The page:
Gran Torre Santiago is the tallest skyscraper in South America. Credit: Pelli Clarke & Partners.

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The three most iconic skyscrapers in Latin America

In Latin America, some buildings seem to touch the sky. This is the case of the Obispado Towers in Mexico, Gran Torre Santiago in Chile and the One Tower in Brazil. We investigate the interesting features of these three iconic skyscrapers.

ISABEL RUBIO ARROYO | Tungsteno

 

Gran Torre Santiago in Chile rises 300 metres into the sky. As well as being one of the tallest skyscrapers in Latin America, it also stands out for its ability to withstand earthquakesIt survived the 8.8 magnitude quake that devastated much of central and southern Chile in 2010. This is how it and other iconic Latin American skyscrapers such as the Obispado Tower in Mexico and the One Tower in Brazil were built.

Torres Obispado (Mexico)

Torres Obispado (Obispado Towers) is a complex of two skyscrapers located in Monterrey, completed in 2020. With a height of 305 metres and 62 floors, the tallest building in the complex, called T.Op Torre 1, is also the tallest in Mexico and Latin America. It houses offices, a hotel and commercial space. The smaller, 156-metre, 42-storey tower is designed for residential use only. Both structures have a 12-storey car park.

The architects opted for a sustainable design. They chose energy-efficient LED lighting and air-conditioning systems, and prioritised natural light to reduce energy consumption. They also used rainwater to irrigate gardens and green areas. Next to these megastructures will be the Torre Rise, a new skyscraper that began construction in 2023. If all goes according to plan, on completion it will be 475 metres high and have 99 floors.

 

Torre Obispado is the tallest tower in Mexico and Latin America. Credit: Skyscrapers & MegaProjects

 

Gran Torre Santiago (Chile)

 

Gran Torre Santiago (Great Santiago Tower) is 300 metres tall and has 64 floors. Construction began in 2006 but was not completed until 2014 due to the global financial crisis of 2008 and 2009. It is the main building of the Costanera Center complex, located in the heart of the financial district of Santiago, the capital of Chile. The glass-clad tower made from recycled steel has a sophisticated structural earthquake protection system and uses water from the San Carlos Canal to cool the building.

Surrounded by the majestic Andes Mountains, Gran Torre Santiago is a modern expression of the shape of an obelisk, according to international architectural firm Pelli Clarke & Partners. Its upper floors house an observatory. "No human-built form can compete with the power of these mountains. The tower is designed to be part of the city, without cosmic pretensions," said Argentine architect César Pelli, who helped design the tower.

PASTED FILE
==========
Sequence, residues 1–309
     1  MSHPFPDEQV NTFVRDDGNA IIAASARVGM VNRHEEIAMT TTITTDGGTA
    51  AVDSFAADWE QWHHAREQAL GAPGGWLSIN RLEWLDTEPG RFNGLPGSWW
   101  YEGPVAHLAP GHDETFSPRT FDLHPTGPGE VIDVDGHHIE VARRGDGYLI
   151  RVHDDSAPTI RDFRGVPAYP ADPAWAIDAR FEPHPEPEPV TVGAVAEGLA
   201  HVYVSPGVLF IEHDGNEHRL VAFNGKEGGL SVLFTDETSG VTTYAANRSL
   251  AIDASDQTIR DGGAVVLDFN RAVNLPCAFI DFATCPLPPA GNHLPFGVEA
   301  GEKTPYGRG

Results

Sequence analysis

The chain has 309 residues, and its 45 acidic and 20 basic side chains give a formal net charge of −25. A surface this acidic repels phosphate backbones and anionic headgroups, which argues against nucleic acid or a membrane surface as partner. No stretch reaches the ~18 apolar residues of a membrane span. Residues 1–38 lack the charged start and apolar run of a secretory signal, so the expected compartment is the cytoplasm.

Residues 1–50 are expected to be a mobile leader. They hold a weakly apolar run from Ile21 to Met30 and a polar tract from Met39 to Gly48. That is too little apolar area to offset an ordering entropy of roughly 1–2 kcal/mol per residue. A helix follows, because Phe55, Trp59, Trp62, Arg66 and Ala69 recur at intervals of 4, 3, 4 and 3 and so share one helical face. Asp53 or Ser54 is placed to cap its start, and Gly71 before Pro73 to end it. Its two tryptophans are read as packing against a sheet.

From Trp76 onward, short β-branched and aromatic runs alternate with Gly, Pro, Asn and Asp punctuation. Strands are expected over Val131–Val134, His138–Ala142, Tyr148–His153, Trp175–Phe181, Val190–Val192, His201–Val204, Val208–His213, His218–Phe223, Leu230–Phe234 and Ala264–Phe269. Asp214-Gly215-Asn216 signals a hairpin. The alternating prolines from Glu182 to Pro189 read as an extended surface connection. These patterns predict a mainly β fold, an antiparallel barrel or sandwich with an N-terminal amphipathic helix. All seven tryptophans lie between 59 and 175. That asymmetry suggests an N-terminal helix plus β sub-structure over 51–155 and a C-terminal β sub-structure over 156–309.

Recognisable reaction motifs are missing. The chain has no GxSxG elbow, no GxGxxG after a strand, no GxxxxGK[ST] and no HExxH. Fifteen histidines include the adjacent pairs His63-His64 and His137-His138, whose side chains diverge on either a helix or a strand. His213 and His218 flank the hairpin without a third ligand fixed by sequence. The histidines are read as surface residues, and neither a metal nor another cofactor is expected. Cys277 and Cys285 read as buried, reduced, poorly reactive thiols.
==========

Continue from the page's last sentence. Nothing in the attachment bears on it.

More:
Gran Torre Santiago withstood a strong earthquake in 2010. Credit: OneCity

 

One Tower (Brazil)

 

One Tower is the tallest skyscraper in Brazil and the second tallest in South America (after Gran Torre Santiago). Located in the city of Balneário Camboriú in southern Brazil, it is also the tallest all-residential building in Latin AmericaIt is 290 metres high and has 70 floors. According to the Council on Tall Buildings and Urban Habitat (CTBUH), each floor contains two apartments, with the exception of four floors dedicated to recreational areas.

Construction was completed in 2022 and involved more than 2,000 workers. More than 9,000 tonnes of steel and 24,992 cubic metres of concrete (the equivalent of more than 8,000 truck mixers) were used to erect the megastructure. The skyscraper has five lifts that travel at a speed of five metres per minute, reaching the top in less than a minute.

 

The One Tower skyscraper is the tallest all-residential building in Latin America. Credit: AçoForte Chapas

These are just some of the most iconic skyscrapers in Latin America. Others include the JW Marriott Panama, the tallest in Panama; the Torre Latinoamericana and the Torre Insignia, both in Mexico; the Edifício Copan, in Brazil; and the Colpatria Tower, in Colombia. As well as being located in Latin America, all these buildings have something else in common that is immediately striking: they seem to caress the sky.

 


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